It is a script for a performer to stand on stage and have a linear, lyrical conversation with his or her audience (in my case is that audience is women!).
In my opinion, if you are a stand-alone writer – not a performer, not in a band – and you are not writing for women, you are decreasing your chances for success! Our world of entertainment is always ultimately about “The Woman.” With rare exceptions, it is men singing to women and women singing to women. So, the mantra for the songwriter parallels that of the restaurateur. When looking for a restaurant to invest in, there are three factors to consider: location, location, location. Likewise, to be a songwriter, there are three things you should consider: What’s in it for the woman? What’s in it for the woman? What’s in it for the woman?
So, when you see the word LISTENER in any of my articles, mentally substitute the word WOMAN.
So let’s focus on their perception of your song.
Aside from the work being right for the artist, is it a potential hit?
Do you get the listener involved in the song quickly? How quickly? Well, try 60 seconds, including introduction. I call it getting the listener to invest in your song. If I am drawn into a writer’s invention, it requires me to identify with (or ideally become) the hero, victim, winner or loser in the piece.
In order to lure me/the listener in, it’s better that you speak to me, not about me. Though I dealt with the pronoun (the little big word) in a previous column, let me remind you that when it comes to the song as a script, it is the little huge word. You’ll get my attention faster if the song is about You, I, Us or We, because if it’s about Her, Him or Them, it will be much harder to capture and keep my interest. However, if the song is using the first-person pronoun (you, me, I, etc.) and the central figure is too old, too young, not cool enough or just not the image that the artist, management or label wish to project, you might consider changing to the third-person pronoun (even though the odds are higher for your song not being #1). That way, the artist can sing the song (about being homeless a drunk perhaps) without it reflecting personally on him or her.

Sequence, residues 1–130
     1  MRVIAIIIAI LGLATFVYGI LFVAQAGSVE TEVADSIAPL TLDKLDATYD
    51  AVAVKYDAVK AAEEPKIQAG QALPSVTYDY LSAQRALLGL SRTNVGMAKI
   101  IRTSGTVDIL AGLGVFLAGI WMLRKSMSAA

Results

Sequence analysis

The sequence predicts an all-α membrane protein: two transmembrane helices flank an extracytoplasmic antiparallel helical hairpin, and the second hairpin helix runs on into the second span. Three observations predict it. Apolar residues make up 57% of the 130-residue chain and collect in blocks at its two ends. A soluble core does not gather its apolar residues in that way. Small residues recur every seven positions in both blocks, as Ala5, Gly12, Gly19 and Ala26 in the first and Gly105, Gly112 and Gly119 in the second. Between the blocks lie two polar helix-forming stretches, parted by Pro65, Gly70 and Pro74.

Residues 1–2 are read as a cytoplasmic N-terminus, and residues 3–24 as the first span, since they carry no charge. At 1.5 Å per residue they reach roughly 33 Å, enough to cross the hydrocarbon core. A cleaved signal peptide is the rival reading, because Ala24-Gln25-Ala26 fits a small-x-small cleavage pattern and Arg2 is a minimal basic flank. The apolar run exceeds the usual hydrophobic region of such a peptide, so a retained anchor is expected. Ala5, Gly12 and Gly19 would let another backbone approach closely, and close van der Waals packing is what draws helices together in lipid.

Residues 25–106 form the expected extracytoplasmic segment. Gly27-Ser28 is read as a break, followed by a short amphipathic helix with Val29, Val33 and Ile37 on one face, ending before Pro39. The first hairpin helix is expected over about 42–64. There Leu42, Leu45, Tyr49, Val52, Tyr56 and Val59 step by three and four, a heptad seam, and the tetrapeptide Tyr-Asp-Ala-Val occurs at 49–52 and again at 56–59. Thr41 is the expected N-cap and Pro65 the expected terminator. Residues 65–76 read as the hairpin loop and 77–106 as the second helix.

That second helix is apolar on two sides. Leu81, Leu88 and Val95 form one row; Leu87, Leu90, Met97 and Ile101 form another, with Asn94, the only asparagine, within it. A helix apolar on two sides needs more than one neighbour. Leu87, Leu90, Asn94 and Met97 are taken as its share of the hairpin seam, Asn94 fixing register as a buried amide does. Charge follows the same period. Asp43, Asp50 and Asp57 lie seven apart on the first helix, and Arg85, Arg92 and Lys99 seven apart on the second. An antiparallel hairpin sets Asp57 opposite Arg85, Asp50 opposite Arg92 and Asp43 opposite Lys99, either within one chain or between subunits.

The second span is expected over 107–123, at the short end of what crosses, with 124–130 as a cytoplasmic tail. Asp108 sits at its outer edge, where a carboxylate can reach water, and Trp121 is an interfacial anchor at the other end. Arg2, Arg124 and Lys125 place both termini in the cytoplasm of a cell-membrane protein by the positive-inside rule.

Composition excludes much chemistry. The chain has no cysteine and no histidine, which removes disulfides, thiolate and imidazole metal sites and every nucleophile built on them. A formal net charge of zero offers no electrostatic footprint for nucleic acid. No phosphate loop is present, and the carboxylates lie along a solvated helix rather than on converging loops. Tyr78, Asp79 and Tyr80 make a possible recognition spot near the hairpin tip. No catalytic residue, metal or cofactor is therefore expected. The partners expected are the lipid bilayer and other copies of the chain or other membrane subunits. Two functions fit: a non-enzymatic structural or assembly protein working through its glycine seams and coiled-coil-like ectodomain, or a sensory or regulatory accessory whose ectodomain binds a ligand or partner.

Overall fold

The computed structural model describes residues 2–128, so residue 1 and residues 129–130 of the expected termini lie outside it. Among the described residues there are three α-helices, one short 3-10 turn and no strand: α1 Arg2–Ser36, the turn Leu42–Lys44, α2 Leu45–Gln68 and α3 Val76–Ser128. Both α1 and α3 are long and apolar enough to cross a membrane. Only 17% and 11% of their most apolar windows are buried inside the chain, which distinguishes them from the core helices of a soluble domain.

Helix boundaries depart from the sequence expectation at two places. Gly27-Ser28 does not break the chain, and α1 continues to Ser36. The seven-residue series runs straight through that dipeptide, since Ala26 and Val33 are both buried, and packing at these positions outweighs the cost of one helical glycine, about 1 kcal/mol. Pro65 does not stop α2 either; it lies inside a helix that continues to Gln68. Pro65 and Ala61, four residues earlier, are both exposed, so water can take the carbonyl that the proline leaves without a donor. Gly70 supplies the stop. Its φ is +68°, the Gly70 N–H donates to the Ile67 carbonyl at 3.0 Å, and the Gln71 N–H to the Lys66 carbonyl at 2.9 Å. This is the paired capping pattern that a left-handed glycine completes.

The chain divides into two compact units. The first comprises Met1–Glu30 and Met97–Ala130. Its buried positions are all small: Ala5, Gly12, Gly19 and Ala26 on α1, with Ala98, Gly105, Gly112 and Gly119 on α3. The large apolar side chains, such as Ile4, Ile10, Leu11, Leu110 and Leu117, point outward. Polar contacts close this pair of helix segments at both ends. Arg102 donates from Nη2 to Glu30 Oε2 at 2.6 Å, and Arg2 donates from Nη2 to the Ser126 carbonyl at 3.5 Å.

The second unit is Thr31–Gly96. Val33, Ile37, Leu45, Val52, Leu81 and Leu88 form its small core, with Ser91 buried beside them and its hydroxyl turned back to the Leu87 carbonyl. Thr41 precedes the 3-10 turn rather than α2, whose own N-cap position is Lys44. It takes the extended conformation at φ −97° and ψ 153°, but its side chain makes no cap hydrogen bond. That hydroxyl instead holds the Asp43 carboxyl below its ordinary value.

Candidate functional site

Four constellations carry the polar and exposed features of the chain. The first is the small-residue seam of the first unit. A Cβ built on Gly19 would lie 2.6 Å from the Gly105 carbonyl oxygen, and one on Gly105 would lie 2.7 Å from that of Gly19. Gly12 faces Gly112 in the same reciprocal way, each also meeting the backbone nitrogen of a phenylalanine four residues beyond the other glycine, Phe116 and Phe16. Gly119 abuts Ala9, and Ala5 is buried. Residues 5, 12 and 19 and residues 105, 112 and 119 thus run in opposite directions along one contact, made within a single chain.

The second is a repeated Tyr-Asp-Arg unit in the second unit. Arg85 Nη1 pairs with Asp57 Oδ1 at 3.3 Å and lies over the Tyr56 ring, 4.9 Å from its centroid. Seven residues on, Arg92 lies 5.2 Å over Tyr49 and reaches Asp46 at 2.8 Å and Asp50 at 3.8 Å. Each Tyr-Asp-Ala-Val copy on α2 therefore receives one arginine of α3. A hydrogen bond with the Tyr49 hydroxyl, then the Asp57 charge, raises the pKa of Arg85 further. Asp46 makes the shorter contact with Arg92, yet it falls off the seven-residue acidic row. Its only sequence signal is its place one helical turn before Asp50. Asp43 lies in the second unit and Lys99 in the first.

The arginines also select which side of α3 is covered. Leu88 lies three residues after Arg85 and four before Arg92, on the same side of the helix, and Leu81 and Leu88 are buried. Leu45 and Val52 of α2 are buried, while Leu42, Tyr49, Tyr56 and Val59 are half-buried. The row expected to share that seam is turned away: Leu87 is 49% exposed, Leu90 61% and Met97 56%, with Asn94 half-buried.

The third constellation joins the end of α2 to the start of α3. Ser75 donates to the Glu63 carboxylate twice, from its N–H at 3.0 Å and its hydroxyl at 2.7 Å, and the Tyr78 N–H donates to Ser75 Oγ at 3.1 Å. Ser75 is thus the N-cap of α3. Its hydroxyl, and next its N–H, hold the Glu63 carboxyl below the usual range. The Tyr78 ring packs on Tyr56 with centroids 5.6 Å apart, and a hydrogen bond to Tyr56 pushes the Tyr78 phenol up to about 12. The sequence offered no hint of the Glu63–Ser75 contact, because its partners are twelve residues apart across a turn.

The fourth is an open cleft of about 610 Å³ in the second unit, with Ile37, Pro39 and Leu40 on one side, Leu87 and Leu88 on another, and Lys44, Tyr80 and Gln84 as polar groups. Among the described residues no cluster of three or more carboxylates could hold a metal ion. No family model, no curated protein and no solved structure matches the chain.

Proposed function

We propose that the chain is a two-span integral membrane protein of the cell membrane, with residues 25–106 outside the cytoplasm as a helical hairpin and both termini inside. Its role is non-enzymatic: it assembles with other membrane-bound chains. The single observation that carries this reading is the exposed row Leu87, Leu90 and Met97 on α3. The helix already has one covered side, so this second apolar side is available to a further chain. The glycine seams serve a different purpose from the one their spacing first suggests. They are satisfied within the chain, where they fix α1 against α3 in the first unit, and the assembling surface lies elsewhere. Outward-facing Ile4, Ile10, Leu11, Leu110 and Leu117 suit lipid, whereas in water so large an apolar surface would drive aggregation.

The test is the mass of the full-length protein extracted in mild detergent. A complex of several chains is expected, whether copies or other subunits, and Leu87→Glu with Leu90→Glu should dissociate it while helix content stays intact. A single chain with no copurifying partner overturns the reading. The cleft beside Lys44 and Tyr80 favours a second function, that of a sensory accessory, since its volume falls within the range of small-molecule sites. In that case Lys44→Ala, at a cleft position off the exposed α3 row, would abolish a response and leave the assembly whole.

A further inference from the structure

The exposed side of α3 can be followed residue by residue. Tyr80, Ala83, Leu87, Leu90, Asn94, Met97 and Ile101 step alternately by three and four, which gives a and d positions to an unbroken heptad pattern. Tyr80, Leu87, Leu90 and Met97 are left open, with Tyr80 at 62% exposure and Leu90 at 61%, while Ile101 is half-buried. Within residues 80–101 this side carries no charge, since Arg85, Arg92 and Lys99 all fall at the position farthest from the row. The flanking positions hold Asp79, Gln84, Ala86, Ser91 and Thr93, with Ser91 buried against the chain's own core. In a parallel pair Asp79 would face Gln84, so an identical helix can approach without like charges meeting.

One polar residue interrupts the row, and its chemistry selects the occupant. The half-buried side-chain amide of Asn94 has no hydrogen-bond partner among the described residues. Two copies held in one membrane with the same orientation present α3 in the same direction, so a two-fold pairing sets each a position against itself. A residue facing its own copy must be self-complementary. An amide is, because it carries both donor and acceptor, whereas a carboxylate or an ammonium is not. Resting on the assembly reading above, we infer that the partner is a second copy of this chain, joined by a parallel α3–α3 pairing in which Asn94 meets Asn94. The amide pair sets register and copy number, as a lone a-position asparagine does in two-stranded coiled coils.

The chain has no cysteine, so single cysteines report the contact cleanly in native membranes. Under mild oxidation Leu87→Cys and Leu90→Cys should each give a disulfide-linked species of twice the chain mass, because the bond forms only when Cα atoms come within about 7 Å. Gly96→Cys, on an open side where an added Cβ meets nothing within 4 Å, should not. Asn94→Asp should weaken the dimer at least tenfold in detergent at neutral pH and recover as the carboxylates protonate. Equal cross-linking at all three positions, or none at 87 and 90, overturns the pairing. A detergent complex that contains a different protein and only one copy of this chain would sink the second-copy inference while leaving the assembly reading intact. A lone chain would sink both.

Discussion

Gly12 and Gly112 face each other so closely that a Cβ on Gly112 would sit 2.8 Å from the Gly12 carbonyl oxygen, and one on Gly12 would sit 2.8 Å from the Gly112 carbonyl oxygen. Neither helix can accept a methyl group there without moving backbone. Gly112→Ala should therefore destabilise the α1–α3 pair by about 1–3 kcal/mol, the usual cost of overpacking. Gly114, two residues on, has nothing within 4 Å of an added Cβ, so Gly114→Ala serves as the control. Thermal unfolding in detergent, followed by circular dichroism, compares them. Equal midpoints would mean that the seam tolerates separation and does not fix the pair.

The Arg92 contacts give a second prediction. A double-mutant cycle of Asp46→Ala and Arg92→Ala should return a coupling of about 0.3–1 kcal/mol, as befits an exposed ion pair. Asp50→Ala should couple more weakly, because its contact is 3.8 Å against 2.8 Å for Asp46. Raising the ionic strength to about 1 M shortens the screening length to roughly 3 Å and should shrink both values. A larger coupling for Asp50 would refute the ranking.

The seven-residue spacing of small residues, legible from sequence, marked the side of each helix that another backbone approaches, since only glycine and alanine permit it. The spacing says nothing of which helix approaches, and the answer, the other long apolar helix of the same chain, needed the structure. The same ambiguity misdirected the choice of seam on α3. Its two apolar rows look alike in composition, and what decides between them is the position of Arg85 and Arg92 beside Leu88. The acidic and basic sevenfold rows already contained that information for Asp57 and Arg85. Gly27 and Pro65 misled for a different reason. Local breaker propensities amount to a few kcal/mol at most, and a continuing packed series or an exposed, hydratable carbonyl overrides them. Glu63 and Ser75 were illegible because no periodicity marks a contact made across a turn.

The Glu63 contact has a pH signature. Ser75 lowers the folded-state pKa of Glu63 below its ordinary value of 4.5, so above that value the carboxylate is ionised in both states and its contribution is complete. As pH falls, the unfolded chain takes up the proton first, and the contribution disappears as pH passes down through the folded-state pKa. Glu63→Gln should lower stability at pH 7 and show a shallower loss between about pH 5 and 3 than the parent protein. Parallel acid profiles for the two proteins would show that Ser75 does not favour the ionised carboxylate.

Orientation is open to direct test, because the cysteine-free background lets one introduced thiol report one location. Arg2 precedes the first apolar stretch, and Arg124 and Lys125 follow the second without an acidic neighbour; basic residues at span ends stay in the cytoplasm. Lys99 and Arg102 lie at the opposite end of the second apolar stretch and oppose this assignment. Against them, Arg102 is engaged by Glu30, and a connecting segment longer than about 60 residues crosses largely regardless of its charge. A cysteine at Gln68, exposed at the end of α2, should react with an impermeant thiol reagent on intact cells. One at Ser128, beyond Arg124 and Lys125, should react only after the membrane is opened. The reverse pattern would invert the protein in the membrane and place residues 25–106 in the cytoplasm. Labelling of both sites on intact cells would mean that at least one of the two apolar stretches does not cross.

Next, you must create an expectation and then fulfill that expectation. Pull out some of your favorite songs and look at the titles – pretty average stuff, mostly words or phrases you use every day. However, those titles are the fulfillment of the created expectation. The genius is in the creation of the expectation. Making something commonplace eye-catching – or in the case of the song, ear catching – is your job.
I don’t know how many of you have seen an uncut diamond, but they look remarkably unremarkable, rather boring in fact. Only in the hands of someone who has absorbed the craft and mastered the skill of making the mundane sparkle does the seemingly dull come to life.
So, surprise me with interesting information, by asking a question with a different twist or by describing a condition, place, person or circumstance using words and phrases that make the ordinary extraordinary.
Well, I guess we need to have a checklist for this song that you have chosen to be a script for a specific artist.
High on that list is accessibility. How easy is the song to sing? Are you trying to fit three-syllable words into a one-syllable spot?
Singer/songwriters do it all the time and get away with it because they are the artists. You cannot.
Does its range span three notes or three octaves? Remember that a lot of “artisteests” may have an abundance of charisma, personality and sex appeal but honestly can’t sing very well. Send them the story songs because the more detailed the story, the less melody you need. Remember, the human animal is not very good at hearing more than one moving part at a time and given its preference will always defer to melody.
Now, if you’re pitching to divas or vocally well-endowed males, then be big on melody, heavy on monosyllabic words and open vowel sounds (A-E-I-O-U-Y!) and minimum story.
What is the song about? Will this artist’s audience identify him or her with this situation or circumstance? Does the artist use this language? Remember all that changes from genre to genre, aside from attitude, is vocabulary and technology. Vocabulary especially is a bond between the artist and the audience. That, by the way, is a huge obstacle for writers crossing to cultures and genres that they are not intimately connected to or understand personally.
And finally, have you told the whole story – beginning, middle and end? Have you created an expectation from the opening line, fulfilled that expectation in 60 seconds, added information/detail in the next verse, and spiced it up by adding conflict or calming it down? Have you made the listener laugh, cry, question, cheer, feel any (or all) of a whole range of emotions or just plain old fall in love?
Then take it to the artist – job well done!